The marquee at New York's Javits Center proclaimed ''Strata + Hadoop World,'' but the conference organizers might...
well have added "Spark" to the top of the bill. The big data processing engine based on open-source Apache Spark was front and center at last month's event. Sessions on the Spark framework were well attended, and it was high on the agenda of numerous technology vendors, appearing in the latest releases from several Hadoop distribution providers and as part of analytical product rollouts from Alpine Data Labs, Cray Inc., Dell and others.
The Spark software was initially designed to be an alternative to MapReduce, the central processing component of first-generation Hadoop. Playing catch-up, Spark quickly moved from the labs of the University of California, Berkeley to top-level Apache project, and then to a Version 1.0 release earlier this year. Proponents claim that Spark can run Hadoop batch processing applications up to 100 times faster than MapReduce can.
But Spark can also run a variety of other applications beyond the batch-oriented ones that MapReduce supports. For example, it can be used in iterative, machine-learning applications, especially ones involving continuously updated streams of event data. Thus far, such uses have included music recommendation engines and genomics research. Spark incorporates an extensive library of machine-learning algorithms, as well as APIs supporting SQL queries, graph processing and general purpose data streaming.
That versatility has helped the Spark platform quickly gain wider attention, at least from vendors looking to take advantage of its big data processing capabilities. "The interest in Spark has to do with a different set of use cases than Hadoop has been used for, at least up until now," said Gartner Inc. analyst Merv Adrian.
Spark is also tailored for in-memory processing, which is meant to give it a big boost over disk-bound MapReduce. "We've seen Spark interest building for a while, just in terms of adding a new in-memory capability for high-performance in-memory processing," said Matthew Aslett, an analyst at the 451 Research. "The interesting thing beyond that is that it enables multiple approaches to analytics in a single in-memory engine."
Spark product iterations take new paths
At Strata + Hadoop World, various vendors made sure they had a Spark story to tell when meeting with prospective users. That builds on a recent surge in support for Spark from companies that offer Hadoop distributions, including Cloudera Inc., Hortonworks, MapR Technologies Inc. and Pivotal Software Inc. Hardware and software houses also drove the Spark bandwagon forward.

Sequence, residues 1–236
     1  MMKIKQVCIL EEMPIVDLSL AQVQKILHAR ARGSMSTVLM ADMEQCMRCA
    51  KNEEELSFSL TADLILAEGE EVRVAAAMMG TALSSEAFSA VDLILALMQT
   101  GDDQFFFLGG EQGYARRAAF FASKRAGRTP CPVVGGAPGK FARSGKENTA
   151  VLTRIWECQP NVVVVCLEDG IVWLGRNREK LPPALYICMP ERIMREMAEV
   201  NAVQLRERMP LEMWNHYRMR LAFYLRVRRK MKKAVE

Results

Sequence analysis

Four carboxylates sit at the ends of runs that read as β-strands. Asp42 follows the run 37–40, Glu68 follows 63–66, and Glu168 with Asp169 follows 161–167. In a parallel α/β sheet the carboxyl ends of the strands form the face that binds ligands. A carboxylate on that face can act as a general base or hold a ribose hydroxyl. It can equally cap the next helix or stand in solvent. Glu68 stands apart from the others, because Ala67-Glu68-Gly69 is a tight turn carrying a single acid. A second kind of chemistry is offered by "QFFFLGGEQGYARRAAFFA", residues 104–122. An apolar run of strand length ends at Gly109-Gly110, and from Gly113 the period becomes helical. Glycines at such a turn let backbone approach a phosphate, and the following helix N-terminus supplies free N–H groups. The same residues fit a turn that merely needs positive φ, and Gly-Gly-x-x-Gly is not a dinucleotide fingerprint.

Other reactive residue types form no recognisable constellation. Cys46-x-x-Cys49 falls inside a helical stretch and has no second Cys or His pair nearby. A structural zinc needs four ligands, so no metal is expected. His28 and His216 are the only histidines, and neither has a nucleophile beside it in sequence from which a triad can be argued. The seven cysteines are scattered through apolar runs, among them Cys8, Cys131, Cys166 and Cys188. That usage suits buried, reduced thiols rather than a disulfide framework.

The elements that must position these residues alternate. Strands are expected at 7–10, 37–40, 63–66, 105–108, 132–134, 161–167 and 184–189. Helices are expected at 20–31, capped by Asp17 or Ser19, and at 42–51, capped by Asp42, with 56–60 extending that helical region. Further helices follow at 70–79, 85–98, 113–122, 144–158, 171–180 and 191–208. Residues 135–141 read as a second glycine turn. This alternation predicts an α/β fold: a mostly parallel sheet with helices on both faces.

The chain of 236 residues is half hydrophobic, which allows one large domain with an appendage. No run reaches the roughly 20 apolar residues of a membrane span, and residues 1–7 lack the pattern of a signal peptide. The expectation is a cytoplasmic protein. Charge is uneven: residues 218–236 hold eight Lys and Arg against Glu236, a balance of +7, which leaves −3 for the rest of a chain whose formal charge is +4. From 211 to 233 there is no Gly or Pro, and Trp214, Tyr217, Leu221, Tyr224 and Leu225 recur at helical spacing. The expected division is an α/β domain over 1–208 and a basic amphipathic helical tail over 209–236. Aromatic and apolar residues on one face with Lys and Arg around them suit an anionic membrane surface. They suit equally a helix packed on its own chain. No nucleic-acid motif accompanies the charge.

For example, Cray released its Urika-XA analytics system, supporting up to 48 compute nodes and pre-integrated with Apache Hadoop and Spark. Nano-scale material structure analysis is one early customer's area of interest, Cray said.
Meanwhile, Dell included the Spark framework in its In-Memory Appliance for Cloudera Enterprise, again supporting up to 48 compute nodes. The company said it has found early interest at a large retailer doing in-store RFID-based product tracking. And Alpine Data Labs introduced Alpine Chorus 5.0, an advanced analytics platform that includes an extensible framework to allow business users to build and manage Spark workflows.
"Spark provides a timely streaming type of analytics," said Eric Carr, vice president of the core systems group at Guavus Inc., a software vendor that has built an operational analytics platform for communications and marketing companies. Its Reflex 2.0 technology recently gained a Certified Spark Distribution designation from Databricks, another vendor that was founded by Apache Spark's originators. "Spark machine learning is all about processing in-memory iteratively," Carr said. "You could do that with Hadoop, but it's more challenging."
But Guavus uses Spark in conjunction with the Hadoop Distributed File System (HDFS), and Carr racks up some of the present interest in Spark to advances in the overall Hadoop architecture. YARN, the resource manager at the heart of Hadoop 2, "is a key enabler to make Spark possible," he said. With YARN, users can plug in Spark, Storm or other Hadoop-compatible technologies depending on the problem they're trying to solve, while still using HDFS as the underlying file system.
It's early on the Spark curve
A current drawback Carr cites is that Spark "still has some ways to go" to use SQL as a query language for probing data. That is often heard of Hadoop-related tools like Impala, Storm, Stinger and Tez, too. He also points to another weak point -- one that, again, is often mentioned in discussions of Hadoop itself: It's still an early stage in the software's development.
While generally agreeing that Spark is a fast-moving phenomenon, Aslett and Adrian see maturation issues as well.
Aslett said problems could result if organizations start using it for the wrong reasons, not giving appropriate applications enough consideration before moving forward. Like Carr, he also sees a possible double-edge to the in-memory blade. "If you use a lot in-memory, it's expensive," Aslett said. "People have to think carefully about the business cases and which technologies match up to them."
"Spark is going to need to grow up a bit -- it's brand new," Adrian said. He added, though, that things move quickly in the world of big data management and analytics: "In Hadoop years, it's already an adolescent."
Learn how to improve your big data skill set
Find out about effective big data project planning
Read about Ancestry.com's use of the Hadoop framework
Hadoop 3.0 deepens cloud and machine learning reach